NEWPORT, Wales – PGA Tour commissioner Tim Finchem expects some form of a “world tour” in golf in the future, even if he’s not around when it takes shape.
Europe already has one, with sanctioned tournaments on five continents. The PGA Tour is going to Malaysia later this month, returns to Shanghai for a World Golf Championship and has Japan on its wish list.
The trick is to get everyone on the same page.
“I think that at some point in time, men’s professional golf will become integrated globally,” Finchem said. “Now, what form that takes, whether it’s a total integration, whether it’s a FIFA-type, I don’t know. One question is how the competition is organized. Another question is how the organizational structure behind it is organized. The first one is the key thing.”
One reason Finchem believes a world tour is inevitable is marketing and sponsorship, which includes the players. Phil Mickelson is sponsored by Barclays, which promotes tournaments in Singapore, Scotland and New York. He is playing all of them this year.
The U.S. tour also has such multinational title sponsors as Deutsche Bank and BMW (both playoff events), Accenture and Zurich.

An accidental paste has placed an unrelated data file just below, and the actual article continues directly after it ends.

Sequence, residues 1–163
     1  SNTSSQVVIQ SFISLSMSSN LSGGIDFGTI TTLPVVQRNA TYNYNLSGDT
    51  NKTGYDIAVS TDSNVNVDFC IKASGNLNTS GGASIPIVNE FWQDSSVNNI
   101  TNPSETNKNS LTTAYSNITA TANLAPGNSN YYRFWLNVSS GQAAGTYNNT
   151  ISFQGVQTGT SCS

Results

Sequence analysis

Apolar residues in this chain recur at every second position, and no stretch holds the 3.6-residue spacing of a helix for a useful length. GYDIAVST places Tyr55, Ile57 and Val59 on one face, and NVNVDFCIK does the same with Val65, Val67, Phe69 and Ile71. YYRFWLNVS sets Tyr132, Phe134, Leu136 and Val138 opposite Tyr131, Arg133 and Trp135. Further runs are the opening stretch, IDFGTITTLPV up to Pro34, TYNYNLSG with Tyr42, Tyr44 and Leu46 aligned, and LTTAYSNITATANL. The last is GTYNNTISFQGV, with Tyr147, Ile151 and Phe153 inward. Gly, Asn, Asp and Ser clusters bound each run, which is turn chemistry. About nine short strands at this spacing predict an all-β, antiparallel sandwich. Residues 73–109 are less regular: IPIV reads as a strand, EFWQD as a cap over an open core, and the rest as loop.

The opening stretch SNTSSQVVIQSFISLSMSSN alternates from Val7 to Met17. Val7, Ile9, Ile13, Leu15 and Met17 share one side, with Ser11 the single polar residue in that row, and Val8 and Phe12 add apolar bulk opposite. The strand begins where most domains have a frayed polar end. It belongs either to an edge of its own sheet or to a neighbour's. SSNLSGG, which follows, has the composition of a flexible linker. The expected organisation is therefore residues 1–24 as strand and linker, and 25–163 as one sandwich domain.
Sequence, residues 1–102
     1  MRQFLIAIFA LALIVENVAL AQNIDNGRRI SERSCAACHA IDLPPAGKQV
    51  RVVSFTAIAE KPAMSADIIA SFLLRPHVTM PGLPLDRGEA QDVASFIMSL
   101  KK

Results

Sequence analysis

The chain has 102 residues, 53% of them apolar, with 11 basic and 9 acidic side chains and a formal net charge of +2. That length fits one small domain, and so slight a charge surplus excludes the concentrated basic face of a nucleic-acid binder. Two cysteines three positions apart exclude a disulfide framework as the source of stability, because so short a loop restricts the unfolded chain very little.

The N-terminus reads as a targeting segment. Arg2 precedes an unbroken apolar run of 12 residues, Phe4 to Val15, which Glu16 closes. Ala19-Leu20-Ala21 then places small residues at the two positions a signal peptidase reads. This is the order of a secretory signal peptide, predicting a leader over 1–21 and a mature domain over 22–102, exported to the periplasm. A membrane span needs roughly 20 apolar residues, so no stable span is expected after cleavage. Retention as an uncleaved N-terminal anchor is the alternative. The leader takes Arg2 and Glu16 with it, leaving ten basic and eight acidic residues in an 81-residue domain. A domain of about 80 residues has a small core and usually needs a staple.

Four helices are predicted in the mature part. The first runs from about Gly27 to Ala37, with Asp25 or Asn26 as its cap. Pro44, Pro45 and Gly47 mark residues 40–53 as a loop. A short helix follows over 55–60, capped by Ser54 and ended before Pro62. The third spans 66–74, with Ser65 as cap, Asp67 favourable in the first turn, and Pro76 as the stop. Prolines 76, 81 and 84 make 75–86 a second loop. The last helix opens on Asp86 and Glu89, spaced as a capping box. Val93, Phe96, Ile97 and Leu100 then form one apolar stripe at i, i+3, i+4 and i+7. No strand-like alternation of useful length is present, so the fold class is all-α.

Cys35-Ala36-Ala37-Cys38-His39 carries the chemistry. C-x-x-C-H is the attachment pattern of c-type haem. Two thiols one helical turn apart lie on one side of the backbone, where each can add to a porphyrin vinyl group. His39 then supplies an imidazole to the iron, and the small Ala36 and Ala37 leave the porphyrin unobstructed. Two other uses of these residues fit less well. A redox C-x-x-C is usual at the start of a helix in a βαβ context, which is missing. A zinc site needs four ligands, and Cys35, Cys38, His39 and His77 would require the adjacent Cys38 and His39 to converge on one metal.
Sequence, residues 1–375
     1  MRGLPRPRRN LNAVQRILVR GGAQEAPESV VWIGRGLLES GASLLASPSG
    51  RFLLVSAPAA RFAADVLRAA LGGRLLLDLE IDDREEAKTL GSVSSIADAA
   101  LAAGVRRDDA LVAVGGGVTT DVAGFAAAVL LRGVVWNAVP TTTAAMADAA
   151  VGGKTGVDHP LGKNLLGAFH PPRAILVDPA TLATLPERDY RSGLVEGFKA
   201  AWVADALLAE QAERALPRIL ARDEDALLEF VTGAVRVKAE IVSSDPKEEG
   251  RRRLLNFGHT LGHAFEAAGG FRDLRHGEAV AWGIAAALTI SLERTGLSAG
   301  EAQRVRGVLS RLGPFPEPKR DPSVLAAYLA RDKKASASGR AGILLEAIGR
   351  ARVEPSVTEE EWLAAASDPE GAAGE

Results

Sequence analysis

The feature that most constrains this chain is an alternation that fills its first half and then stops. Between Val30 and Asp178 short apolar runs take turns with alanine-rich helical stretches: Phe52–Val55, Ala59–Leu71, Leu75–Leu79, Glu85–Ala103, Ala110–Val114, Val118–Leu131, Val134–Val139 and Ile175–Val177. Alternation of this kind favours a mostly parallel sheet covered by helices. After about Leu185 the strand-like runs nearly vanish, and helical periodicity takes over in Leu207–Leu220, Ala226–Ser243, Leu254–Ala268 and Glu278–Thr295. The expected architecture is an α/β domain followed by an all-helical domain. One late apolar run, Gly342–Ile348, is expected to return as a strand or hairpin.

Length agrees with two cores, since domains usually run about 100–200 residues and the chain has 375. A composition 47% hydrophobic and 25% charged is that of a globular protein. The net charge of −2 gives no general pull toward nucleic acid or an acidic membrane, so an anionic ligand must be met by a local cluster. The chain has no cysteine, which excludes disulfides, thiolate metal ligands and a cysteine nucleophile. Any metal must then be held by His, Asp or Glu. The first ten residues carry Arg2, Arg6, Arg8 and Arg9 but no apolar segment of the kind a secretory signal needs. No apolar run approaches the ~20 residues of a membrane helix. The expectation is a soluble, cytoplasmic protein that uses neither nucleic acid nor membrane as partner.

“I think it’s a matter of time,” Finchem said. “Golf generally is a splintered sport, multi-organizational at every level. But there’s movement. The last 15 years there’s been a lot of movement. I would see that continuing to develop toward integration.”
Even though the Ryder Cup completed a rugged stretch of golf – some players competed seven out of nine weeks, all big events – that doesn’t mean the season is over. The Fall Series still has four tournaments left, although the focus shifts overseas.
Ernie Els, Retief Goosen, Adam Scott, K.J. Choi and Ryan Palmer are among those planning to play the tour’s event in Malaysia, which is co-sanctioned with the Asian Tour. Then it’s off to Shanghai for the HSBC Champions, Singapore and onward to Dubai for Europe, with Tiger Woods heading Down Under again to defend his title in the Australian Masters.
Integration can get tricky, for sure. But it starts with cooperation.
The European Tour was the first outside tour to set up golf in Asia, and one year had more tournaments in China than in Scotland. Now comes the American tour looking to create tournaments and opportunities for its members.
Finchem says he and European tour chief George O’Grady have been “working together.”
“We’re not going to play a ton of tournaments over there, so it shouldn’t be a problem. George knows that,” Finchem said. “We’re talking to him constantly about what our plan would be. My guess is it will result in us doing even more together.”
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PAVIN DONATION: U.S. Ryder Cup players and captains have donated more than $15 million, with $50,000 of their $200,000 charity allotment directed to the “Play Golf America” program at the college of their choice.
Oklahoma State received two such donations, from Rickie Fowler and Hunter Mahan. Georgia Tech also had two players – Matt Kuchar and Stewart Cink – although Kuchar directed his to the Coastal College of Georgia.